|An illustration of ARG transfer by
Bacteriophages: viral shuttles carrying bacterial DNA
Bacteriophages, like all viruses, are obligate intracellular parasites that rely on the metabolic machinery of the host organism to support their reproduction. A phage’s complete structure typically consists of a nucleic acid core (single or double-stranded RNA or DNA but not both), an outer shell of protein capsid, and, in some instances, a lipid envelope; many of them have additional structures such as the tail, aimed at injecting the nucleic acid through the cell wall) bacteriophages are ultramicroscopic (20–200 nm). As a result, after capsid staining, they must be observed using transmission electron microscopy. In fact, the International Committee on Taxonomy of Viruses (ICTV) taxonomic system requires visualization of the phage particles using electron microscopy, among other characteristics, to determine capsid morphology and phage taxonomy.
Phages are recognized as important players in various aspects of bacterial ecologies, such as bacterial population regulation and, more specifically, gene transfer. Metagenomic studies confirm that the majority of viruses in the viral fraction of most environments are bacteriophages and that a large proportion of viral particles encompass bacterial DNA sequences, including linear chromosome fragments and mobile elements such as insertion elements. By encouraging gene transfer, you can impact the evolution of most bacterial species. Furthermore, phage-like particles that can package random pieces of the host cell’s genome have evolved.
Because bacteriophages are ubiquitous and abundant, gene transfer from phages to bacteria occurs in a diverse range of environments and ecosystems. Since bacteriophage-mediated antibiotic resistance transfer can occur in laboratories, the presence of phages inhabiting ARGs has been reported in a variety of matrices ranging from the human gut to ready-to-eat food. Transduction could play a significant role in the emergence and persistence of antibiotic resistance in these environments, thereby affecting the food chain. In fact, transduction has been identified as a potential contributor to the spread of ARGs, particularly among members of the same species.
If the transferred bacterial DNA recombines into the recipient cell’s genome or guarantees its autonomous replication (i.e., plasmids) transduction has occurred, a capsid containing bacterial DNA can fully bind to the recipient cell and inject foreign DNA.
How do bacteriophages promote ARG dissemination?
Phages bind to specific target receptors on the bacterial cell surface, so each phage typically targets a very narrow range of strains of the same bacterial species. Following adsorption, phages inject their genomes into the bacterial cytoplasm and replicate using one of two primary life cycles: the lytic cycle or the lysogenic (or temperate) cycle.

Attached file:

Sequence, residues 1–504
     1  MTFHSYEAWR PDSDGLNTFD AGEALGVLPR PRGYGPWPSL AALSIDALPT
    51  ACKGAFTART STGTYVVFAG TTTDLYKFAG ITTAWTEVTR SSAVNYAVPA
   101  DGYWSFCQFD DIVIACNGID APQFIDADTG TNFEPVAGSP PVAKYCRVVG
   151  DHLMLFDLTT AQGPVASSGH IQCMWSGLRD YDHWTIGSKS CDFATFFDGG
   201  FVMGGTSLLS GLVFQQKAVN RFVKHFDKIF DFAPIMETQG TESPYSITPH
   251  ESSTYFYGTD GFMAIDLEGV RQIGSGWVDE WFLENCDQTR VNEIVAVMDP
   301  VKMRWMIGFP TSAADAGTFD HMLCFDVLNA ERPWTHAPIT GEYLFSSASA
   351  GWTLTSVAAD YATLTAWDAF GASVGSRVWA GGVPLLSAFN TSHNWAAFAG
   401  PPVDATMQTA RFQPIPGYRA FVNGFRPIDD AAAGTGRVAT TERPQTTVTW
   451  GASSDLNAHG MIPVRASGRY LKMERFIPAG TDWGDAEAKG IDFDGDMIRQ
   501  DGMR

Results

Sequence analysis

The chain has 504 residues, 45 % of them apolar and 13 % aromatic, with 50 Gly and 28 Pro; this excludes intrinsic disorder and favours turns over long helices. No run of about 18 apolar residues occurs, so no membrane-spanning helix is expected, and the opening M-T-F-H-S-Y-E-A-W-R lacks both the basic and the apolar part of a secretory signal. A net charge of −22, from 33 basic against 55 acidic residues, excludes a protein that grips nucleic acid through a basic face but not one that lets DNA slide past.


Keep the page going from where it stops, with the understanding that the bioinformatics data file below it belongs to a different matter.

During the lytic cycle, the phage takes advantage of the host cellular machinery, replicating and manufacturing new phage particles that are released after programmed cell lysis of an overburdened cell. In some cases, pseudo-lysogeny occurs, in which the phage genome remains in nonreplicating cells until they resume replication and the bacteriophage continues its lytic cycle.
The phage genome (known as a prophage) integrates into the bacterial genome during the lysogenic cycle. It replicates as part of the host chromosome or as an independent replicon in the absence of particle formation or cell lysis. The prophage is generated and the lytic cycle is activated under specific conditions that induce the bacterial SOS response (antibiotic treatment, oxidative stress, irradiation, or DNA damage). Host DNA from genes in the prophage integration locus is occasionally incorporated into the phage genome, whereas those that persist as independent replicons contain random fragments.
During the lytic cycle, released phages can package and transfer bacterial DNA at random using generalized transduction. Indeed, some mobile genetic elements have devised sophisticated strategies to exploit the phage DNA packaging machinery for their own transfer. Because phage infection kills bacterial cells during the lytic cycle and small amounts of bacterial DNA are occasionally captured in viral transducing particles, bacterial populations containing prophages can be considered gene transfer drivers, particularly for genes encoding antibiotic resistance.
This context also applies to ARGs; for example, Haaber et al. (2016) demonstrated that the release of phages from a population of S. aureus cells allows the entire prophage-containing population to acquire ARGs from competing, phage susceptible strains present in the same environment. This fact would explain the rapid exchange of ARGs observed in S. aureus and other pathogenic bacteria, despite the fact that bacteriophages are generally thought to infect only
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- Bacteriophages as antibiotic resistance genes carriers in agro‐food systems
S,. JebriF. RahmaniF. Hamid
First published: Sep 11, 2020
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[…] Bacteriophage transduction is the process by which a bacteriophage shuttles or transfers bacterial genes from one bacterial cell to another. The cell whose genome segment is being shuttled is known as the donor cell, and the cell receiving is known as the recipient cell. Transducing phage is the bacteriophage that transfers the bacterial segment. The transduction can be generalized or specialized. Among the genes that bacteria can acquire from phages via transduction are virulence and antibiotic resistance genes. […]